So when you are looking at laws like this in the Bible, when you’re looking at things like this law that talks about tattoos, you have to look at the context literarily in the Bible, where is it, what is it flanked by? And in this case, it was flanked by those other mourning and worship rights, such as cutting your hair or entering into prostitution, which God had definitely banned. I should note that the cutting of the hair was a specific hairstyle. Very specific hairstyle and the reason for that was again, its association with these Canaanite worship rituals.
So what are some other applications for this process in navigating this? Well, I think that one of the big applications of how we’ve drawn out the meaning of Leviticus 19 is in how we go about worshiping God. Today’s culture we’re seeing more and more people say, well, I can use drugs as a way to get close to Jesus. I can use marijuana as a way to get closer to Jesus. Or I feel closer to Jesus by having sex with my boyfriend. I feel like he has no problem with that. Or I feel closer to Jesus by using energy healing or using Reiki or any of these things that people take from other religions or things the Bible directly condemns and say, well, it brings me closer to God. This is not biblical and God does not accept it as worship. It is so important we recognize this. This is the exact same method that Israel tried to use when they refused to destroy the places of Canaanite worship, the high places. Over and over God said destroy the high places. Take them down. Do not worship in them. But Israel did not take them down And instead they tried to combine their worship of Yahweh with the methods of the Canaanites. And that’s what we’re seeing today. People trying to combine new age or gnostic or, quite honestly, Satanist methods of worship with Christianity and saying it brings me closer to Jesus. But God has no part with that. He is a jealous God. There are no other gods but him, and he has decided how he will be worshiped, and he’ll be worshiped in holiness and in righteousness and with a sound clear mind.
One of the distinctives of Christianity actually that sets it apart from other religions is that you don’t have to enter into this empty minded state or take drugs in order to experience your God. He actually commands us to have a sound mind to be able to think rationally and clearly. And so this is an important part of this conversation because the Canaanite worship rituals involved drugs and alcohol and orgies and all of this stuff that God condemned. And later on in Greece, we see the same thing. In Rome. Same thing. And what does the Old and New Testament say over and over and over again? I have called you out of that.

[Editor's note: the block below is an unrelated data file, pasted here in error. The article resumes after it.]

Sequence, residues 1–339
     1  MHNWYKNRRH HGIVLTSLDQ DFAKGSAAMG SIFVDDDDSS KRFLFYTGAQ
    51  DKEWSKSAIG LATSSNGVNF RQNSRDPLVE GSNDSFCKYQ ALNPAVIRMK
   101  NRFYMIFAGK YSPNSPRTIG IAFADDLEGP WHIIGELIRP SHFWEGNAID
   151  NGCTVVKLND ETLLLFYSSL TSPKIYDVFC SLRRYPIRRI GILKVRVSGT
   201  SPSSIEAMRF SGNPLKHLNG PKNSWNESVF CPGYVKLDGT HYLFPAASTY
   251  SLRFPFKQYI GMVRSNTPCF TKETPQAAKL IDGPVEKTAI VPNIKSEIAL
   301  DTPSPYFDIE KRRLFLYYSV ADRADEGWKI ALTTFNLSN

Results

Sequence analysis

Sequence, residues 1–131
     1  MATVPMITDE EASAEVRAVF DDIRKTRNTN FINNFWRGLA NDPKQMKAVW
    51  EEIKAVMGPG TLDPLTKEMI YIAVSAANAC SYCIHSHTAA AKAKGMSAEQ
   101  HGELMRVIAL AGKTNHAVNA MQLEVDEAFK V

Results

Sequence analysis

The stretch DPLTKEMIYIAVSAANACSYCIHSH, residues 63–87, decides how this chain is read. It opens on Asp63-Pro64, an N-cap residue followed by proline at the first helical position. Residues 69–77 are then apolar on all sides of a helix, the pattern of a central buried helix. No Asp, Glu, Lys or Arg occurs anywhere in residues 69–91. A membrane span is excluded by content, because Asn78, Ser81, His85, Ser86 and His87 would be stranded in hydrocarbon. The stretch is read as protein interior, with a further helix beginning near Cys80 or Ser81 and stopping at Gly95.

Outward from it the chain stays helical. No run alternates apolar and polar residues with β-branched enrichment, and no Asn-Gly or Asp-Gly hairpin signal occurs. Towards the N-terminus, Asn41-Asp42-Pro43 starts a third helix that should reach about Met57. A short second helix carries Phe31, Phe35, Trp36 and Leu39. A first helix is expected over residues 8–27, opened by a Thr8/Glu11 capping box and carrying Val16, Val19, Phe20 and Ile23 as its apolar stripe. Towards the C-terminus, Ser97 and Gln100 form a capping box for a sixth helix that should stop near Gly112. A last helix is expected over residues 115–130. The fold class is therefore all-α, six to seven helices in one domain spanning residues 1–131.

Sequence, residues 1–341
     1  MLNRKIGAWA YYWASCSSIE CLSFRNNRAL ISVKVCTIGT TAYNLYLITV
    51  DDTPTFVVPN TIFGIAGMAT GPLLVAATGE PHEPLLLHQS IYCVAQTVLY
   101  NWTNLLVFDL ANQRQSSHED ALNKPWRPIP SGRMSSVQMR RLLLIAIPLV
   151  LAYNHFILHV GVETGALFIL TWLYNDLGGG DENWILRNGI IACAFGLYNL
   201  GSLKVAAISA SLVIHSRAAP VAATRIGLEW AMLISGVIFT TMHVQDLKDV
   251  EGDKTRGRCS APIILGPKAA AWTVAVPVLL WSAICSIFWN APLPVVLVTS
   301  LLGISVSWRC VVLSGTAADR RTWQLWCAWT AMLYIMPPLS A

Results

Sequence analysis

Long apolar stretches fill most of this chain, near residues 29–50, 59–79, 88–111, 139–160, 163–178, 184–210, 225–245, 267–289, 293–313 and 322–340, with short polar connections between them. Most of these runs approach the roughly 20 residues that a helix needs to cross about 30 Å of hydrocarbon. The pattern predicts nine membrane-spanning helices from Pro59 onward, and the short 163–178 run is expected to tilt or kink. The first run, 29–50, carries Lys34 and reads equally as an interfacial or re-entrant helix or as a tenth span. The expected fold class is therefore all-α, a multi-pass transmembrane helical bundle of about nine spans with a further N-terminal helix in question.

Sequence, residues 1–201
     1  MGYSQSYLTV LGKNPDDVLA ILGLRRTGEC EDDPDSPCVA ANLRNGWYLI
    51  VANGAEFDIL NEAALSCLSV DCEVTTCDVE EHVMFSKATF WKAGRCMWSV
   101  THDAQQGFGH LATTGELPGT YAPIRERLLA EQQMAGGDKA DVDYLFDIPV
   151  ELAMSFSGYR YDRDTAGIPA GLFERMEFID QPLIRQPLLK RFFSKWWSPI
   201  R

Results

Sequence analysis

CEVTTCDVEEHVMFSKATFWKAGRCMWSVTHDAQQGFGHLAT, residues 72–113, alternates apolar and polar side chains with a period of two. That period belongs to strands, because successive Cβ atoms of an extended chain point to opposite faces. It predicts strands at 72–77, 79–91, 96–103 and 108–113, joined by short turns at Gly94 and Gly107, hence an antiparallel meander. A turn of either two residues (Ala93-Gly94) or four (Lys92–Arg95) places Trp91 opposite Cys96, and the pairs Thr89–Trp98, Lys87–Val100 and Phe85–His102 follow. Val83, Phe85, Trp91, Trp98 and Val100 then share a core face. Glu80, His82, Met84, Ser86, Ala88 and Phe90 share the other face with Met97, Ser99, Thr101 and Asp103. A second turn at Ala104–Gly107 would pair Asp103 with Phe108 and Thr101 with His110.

So when we’re thinking about tattoos, we actually get to expand the conversation to think bigger. Am I living as if God is the only god? And my understanding that God needs to be worshiped rightly and I cannot combine worship of him with the methods of the world when it comes to his worship. This is a challenging passage, but it’s so relevant for today. We may be free to get tattoos, but we’re not free to worship god according to the world’s methodologies, and scripture gives us a better and clearer and more righteous way, the holy way, the way to come to God with a clear mind and an open heart, a god who loves us and wants to redeem us and wants to set us free.
So, hopefully, this helps see you as you’re navigating passages in Leviticus helps you as you’re thinking through things like tattoos or cutting the sides of your hair. I hope it will be helpful to you as you navigate these passages and as you have discussions with your friends about the application of Leviticus.
Thank you so much for listening to this week’s episode of Verity podcast. If you enjoyed this episode, would you take the time to leave us a review? It helps so many other women around the world find out about Verity and about Every Woman a Theologian as a ministry in a shop. We appreciate you, and I hope you’ll be back next week as we continue to go deeper into God’s word and the heart of Jesus.